Hosts of The JerseyGirls Podcast On Sexism in Sports, Women’s Rights

By Erin Gabriel

Austen Hilt and Paige Feikert have a long history of bonding over sports. The two friends grew up playing softball together, and now the pair is hosting a podcast elevating women’s sports and advocating for an even playing field for all genders.

The podcast, JerseyGirls, @jerseygirlsict on Instagram, was inspired after Hilt and Feikert started conversing about the lack of coverage for the women’s NCAA basketball tournament coupled with the observation that Wichita State University’s Women’s Softball team was having an amazing season, yet producing very small crowds at games. 

With loads of experience in sports, Hilt—a former collegiate softball player who also played volleyball, basketball, and golf and has coached a variety of girl’s softball teams—and Feikert—also a former collegiate soccer player who also played softball and is a former sports journalist—use their air time to discuss topics such as coverage of women’s sports, how sports can power successful careers, life lessons from a NCAA Division 1 Athlete attending an HBCU, and more.

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Brenda Howard—The bisexual activist you need to know

By Nicole Mitchell

“The next time someone asks you why LGBT Pride marches exist or why Gay Pride Month is June tell them, ‘A bisexual woman named Brenda Howard thought it should be.’” — Brenda Howard

While it’s true that the first pride was a riot, many credit bisexual and LGBTQIA+ Activist Brenda Howard for continuing the fight and making June officially known as Pride Month—therefore awarding her the name of “Mother of Pride.”

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Author Alice Faye Duncan Reflects on Activist Opal Lee, Meaning of Juneteenth

By Sophie Oswald

In 1863, the Emancipation Proclamation freed slaves in the South, but the decree wasn’t fully enacted until two years later on June 19, 1865, when news reached enslaved people in Texas that they were free. 

Since, June 19, or Juneteenth, has marked celebrations of the end of slavery, but it wasn’t until last year that Juneteenth became a federal holiday through a bill signed by President Joe Biden. One of the people in the room that day was Opal Lee, the focus of Alice Faye Duncan’s newest children’s book, Opal Lee and What It Means to Be Free. 

Opal Lee, also known as the “grandmother of Juneteenth,” played a key role in making Juneteenth a federally-recognized holiday.

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How Photographer Jada Hester started her photography business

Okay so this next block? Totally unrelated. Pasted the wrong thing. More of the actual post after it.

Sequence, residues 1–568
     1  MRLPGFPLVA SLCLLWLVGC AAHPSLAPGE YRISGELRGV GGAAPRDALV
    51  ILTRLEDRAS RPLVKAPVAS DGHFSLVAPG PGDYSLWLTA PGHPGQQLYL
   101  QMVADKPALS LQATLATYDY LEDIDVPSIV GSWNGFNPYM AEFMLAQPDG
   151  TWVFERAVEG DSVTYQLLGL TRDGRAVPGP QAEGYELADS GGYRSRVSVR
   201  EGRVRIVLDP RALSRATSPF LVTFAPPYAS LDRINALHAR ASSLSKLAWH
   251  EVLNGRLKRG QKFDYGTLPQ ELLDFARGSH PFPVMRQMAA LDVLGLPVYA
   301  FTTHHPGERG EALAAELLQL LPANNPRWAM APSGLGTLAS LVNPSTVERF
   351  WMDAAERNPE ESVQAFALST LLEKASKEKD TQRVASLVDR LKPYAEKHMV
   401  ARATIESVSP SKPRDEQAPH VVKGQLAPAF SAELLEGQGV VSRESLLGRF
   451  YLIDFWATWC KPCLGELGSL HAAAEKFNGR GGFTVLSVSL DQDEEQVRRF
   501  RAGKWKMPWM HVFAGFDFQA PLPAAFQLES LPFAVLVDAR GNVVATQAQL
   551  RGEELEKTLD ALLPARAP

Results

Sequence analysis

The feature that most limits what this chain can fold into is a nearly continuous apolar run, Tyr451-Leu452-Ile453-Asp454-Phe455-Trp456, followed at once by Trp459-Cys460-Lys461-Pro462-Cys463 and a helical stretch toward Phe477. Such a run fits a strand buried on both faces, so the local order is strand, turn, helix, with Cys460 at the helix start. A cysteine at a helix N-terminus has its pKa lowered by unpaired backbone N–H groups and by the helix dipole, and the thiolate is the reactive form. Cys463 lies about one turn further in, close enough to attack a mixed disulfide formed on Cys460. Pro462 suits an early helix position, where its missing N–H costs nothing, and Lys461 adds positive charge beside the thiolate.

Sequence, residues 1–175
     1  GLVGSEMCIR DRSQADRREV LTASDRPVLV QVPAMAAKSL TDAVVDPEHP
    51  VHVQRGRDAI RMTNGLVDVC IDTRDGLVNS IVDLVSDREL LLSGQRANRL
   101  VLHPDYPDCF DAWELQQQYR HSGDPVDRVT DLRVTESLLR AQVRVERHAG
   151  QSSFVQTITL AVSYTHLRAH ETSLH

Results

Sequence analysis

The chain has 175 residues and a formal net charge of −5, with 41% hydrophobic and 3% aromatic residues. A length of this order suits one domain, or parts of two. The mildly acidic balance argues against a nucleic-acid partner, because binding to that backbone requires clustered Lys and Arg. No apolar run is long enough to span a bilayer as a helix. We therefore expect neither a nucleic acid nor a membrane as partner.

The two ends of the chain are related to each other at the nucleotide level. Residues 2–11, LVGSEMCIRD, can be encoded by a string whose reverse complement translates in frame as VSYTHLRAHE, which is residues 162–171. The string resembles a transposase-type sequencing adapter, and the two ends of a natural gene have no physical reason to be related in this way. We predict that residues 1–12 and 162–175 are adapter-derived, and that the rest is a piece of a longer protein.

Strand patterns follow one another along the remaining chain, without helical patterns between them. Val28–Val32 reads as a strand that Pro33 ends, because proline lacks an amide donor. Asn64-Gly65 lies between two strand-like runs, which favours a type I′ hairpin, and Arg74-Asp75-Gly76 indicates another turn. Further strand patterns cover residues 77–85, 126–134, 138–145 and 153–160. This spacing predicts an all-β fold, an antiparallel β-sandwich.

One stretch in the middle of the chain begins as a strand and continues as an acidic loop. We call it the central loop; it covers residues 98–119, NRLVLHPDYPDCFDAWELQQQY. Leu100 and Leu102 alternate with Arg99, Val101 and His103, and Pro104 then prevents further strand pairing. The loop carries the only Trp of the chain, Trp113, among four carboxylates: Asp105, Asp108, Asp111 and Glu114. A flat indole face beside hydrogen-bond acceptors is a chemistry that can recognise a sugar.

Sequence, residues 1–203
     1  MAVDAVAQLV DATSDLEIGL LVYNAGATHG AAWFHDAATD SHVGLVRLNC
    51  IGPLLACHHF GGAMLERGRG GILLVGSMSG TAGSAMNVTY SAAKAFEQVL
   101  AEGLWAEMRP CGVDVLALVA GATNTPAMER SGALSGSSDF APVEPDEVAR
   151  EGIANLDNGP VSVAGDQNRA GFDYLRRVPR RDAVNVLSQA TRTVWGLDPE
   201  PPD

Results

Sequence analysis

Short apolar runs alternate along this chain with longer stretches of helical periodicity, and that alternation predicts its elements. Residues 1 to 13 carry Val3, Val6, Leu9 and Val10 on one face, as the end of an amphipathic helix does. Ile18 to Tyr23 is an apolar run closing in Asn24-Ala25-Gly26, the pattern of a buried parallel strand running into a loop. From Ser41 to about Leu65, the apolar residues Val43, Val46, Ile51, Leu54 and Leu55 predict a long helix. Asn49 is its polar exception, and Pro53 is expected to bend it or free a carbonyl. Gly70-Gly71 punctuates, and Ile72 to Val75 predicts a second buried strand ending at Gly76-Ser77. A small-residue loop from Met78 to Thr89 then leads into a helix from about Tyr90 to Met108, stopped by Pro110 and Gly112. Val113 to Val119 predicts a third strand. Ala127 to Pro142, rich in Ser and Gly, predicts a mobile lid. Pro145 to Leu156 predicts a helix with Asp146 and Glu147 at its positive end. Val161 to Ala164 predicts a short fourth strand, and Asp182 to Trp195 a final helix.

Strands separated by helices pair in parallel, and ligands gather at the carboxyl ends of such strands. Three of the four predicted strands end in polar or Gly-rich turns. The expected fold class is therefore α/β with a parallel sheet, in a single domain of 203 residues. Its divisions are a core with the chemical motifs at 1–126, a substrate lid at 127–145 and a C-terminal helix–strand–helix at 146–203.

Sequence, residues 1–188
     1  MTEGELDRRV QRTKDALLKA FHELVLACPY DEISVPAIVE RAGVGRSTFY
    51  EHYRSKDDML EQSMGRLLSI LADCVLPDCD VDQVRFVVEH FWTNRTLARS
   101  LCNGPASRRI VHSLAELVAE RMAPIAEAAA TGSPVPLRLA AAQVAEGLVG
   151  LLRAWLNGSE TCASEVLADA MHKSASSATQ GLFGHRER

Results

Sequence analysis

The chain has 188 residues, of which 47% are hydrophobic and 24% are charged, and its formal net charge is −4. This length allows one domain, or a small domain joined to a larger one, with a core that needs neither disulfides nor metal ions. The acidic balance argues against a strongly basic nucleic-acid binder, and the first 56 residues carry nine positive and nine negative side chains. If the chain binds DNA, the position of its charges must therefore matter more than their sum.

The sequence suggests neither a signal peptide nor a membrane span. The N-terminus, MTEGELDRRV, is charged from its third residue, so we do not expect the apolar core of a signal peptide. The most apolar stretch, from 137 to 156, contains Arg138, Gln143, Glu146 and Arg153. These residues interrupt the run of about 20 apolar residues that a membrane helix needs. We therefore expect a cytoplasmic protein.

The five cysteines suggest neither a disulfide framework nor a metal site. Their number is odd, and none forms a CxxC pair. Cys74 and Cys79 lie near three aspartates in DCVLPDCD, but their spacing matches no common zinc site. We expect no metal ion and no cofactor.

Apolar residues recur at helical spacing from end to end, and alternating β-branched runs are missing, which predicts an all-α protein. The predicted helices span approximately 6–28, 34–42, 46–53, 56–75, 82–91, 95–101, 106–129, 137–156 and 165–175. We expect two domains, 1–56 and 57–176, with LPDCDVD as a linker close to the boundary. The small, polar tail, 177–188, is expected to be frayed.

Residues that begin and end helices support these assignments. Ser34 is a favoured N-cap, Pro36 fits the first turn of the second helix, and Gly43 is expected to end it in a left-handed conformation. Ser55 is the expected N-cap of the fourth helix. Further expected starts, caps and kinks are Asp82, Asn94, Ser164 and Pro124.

By Nicole Mitchell

Jada Hester is a photographer and small business co-owner of Film and Jpegs Studio located in Olathe, Kansas. Starting early on in photography, she has had plenty of time to create a style of art that is recognizable as hers—colorful, fun, and human-centered

Hester first got into photography when she was a child, following in her dad’s footsteps. “He had a cool camera when I was kid that I would play with,” she said. But it wasn’t until high school that she really considered photography as a potential career path. After graduating high school, she went to a local community college and took her first photography class. “It was fun to be around other photographers, but the class wasn’t 100% needed,” Hester said. “I thought, ‘Why didn’t I just teach myself all of this?’”

During the beginning of the pandemic, Hester and her boyfriend talked about creating a studio out of a shed in the backyard of her boyfriend’s parents’ house. With this, the two started a small business together (her boyfriend’s idea), offering Hester’s photography as a side job. “He’s more on the business side, and I’m on the art side,” she said. “Working together has been tough—as it would be in any relationship where they work together—but I’m really proud of it.” She shares that getting the shed started and creating their business together is what she’s most proud of in regards to her art.

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Cassie Taylor joins the music scene after years away from the spotlight

By Nicole Mitchell

Cassie Taylor has been a musician for all of her life—touring as a bassist with her father, Otis Taylor, from when she was 16. Stepping away from the spotlight in 2015 after the birth of her child, Taylor spent her time creating in other ways. She’s currently a full-time photographer and creative in Kansas City. But this weekend, March 5 and 6, she’ll be stepping on the stage once again.

Taylor has been working on new music for the past few years. Compared to her older music—such as her 2013 album Out Of My Mind—her music now is quite different. “When I produced my album in 2012, it was a product of the industry at the time,” she said. “The way that you made albums was to tour them. I really stripped them down and focused on the core. Production-wise it’s a lot different.” 

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